This though is a negative example I am sure some of us can relate to it. It does create a bad culture, but the point here is that it can be planned and implemented. In a similar fashion, one can lay the foundation of building cultures around excellence, fun, sharing and the traits that one wants to be part of their organization.

This approach though greatly simplified, feels logical to me. The framework gives me a way to enable cultural change. Things are not black and white but the shades of grey are differentiable. In the end, it gives me a way to proceed forward and to learn and grow in the process.

Jun 23, 2015

Communication Structures

Product architecture reflects the communication structure of the teams. Interestingly, the reverse is true as well.

May 27, 2015

Why is Reactjs so significant?

Reactjs is built on a simple foundation of separating DOM mutations from the Views of the application. A typical SPA application renders and re-renders parts of DOM by a process of setting innerHTML on parent elements. This approach though simple and works for the most part, is mainly a hack around Web 1.0 applications where web pages were primarily rendered at the server. The browsers thus are built even today for Web 1.0 and hacked into the Web 2.0 world where pages are not rendered on the server but via a JavaScript application.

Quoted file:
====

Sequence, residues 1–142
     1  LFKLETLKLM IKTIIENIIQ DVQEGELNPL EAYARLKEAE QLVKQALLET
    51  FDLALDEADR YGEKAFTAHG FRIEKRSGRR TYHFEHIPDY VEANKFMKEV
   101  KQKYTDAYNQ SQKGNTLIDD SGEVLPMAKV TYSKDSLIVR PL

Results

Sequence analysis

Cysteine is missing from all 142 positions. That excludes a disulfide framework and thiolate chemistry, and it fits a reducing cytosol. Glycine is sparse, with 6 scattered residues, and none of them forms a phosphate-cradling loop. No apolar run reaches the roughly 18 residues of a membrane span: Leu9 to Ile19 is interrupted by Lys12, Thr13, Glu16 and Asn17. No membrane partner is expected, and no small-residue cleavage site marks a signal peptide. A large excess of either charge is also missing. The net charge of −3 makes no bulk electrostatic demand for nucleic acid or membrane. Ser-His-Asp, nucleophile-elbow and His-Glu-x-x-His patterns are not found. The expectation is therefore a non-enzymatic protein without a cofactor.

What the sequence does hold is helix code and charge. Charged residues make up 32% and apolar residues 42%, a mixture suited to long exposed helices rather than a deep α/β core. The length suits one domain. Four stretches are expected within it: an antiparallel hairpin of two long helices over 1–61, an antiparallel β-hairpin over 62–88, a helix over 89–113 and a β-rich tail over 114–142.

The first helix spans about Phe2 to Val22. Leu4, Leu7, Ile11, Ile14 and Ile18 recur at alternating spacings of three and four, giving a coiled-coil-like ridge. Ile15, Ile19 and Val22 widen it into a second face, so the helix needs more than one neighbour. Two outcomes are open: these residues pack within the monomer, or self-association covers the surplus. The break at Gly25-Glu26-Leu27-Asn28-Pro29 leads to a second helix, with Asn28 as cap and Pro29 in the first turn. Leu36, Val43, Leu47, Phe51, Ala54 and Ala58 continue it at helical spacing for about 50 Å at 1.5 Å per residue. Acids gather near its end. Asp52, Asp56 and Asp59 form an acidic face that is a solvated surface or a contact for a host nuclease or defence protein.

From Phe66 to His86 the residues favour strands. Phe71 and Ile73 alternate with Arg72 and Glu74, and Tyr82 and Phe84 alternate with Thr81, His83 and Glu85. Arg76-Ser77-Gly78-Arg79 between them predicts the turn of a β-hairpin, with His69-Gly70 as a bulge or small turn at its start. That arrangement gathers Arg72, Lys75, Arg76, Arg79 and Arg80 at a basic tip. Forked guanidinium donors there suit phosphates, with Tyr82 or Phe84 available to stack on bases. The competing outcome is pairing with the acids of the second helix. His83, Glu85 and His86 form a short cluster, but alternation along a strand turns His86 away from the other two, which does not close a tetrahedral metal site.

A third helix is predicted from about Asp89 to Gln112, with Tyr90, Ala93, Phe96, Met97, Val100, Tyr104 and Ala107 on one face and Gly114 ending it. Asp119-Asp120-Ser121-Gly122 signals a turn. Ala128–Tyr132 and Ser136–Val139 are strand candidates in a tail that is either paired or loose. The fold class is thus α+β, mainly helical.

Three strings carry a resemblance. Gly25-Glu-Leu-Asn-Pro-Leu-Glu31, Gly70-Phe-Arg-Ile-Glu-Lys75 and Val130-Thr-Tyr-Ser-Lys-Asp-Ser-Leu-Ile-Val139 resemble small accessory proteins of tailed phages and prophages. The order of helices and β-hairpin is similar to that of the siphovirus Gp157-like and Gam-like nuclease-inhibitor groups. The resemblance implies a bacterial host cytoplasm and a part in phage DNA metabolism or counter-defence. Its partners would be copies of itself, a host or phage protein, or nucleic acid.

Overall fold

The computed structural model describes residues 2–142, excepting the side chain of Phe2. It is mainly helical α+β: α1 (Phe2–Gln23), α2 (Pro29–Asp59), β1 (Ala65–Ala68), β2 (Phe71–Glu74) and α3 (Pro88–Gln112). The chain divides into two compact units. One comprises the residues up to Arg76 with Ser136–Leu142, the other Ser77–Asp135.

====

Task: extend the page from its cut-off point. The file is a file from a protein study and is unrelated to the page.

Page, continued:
Some of the most popular libraries such as jQuery and BackboneJS provide simple API to do this rendering for applications. AngularJS takes an extreme approach to prevent excessive DOM mutation by managing all the data on the DOM separately.  ReactJS I believe is finally a right step into true Web 2.0 applications.

So what is the issue with DOM mutation? Why would re-rendering via innerHTML be an issue with the browsers today when they are so fast at changing DOM. I believe the main problem is the ugly user experience innerHTML renderers provide to the user. The flicker when a DOM element changes breaks the smoothness of an application and makes it look second grade. I believe that is the only reason, why web applications are unable to catch up with native applications.

Reactjs changes all that. It brings the smoothness and the experience back into web applications and provides the same level of experience that native applications provide. This I think is huge and is a paradigm shift in how web applications are typically looked upon. With the launch of React Native, we have finally arrived at a point where web applications will be at par with native applications. Its just a matter of time before browsers will understand the value proposition of Reactjs and build it as part of the DOM. Wouldn't it be great if we had an API such as morphHTML(target, html) as part of native DOM API's that does exactly what Reactjs provides?

All this development around Reactjs and React Native is truly exciting. I am looking forward to an internet where the web applications are no less than the best native mobile apps out there. And what will be exciting is when that becomes the norm rather than exception.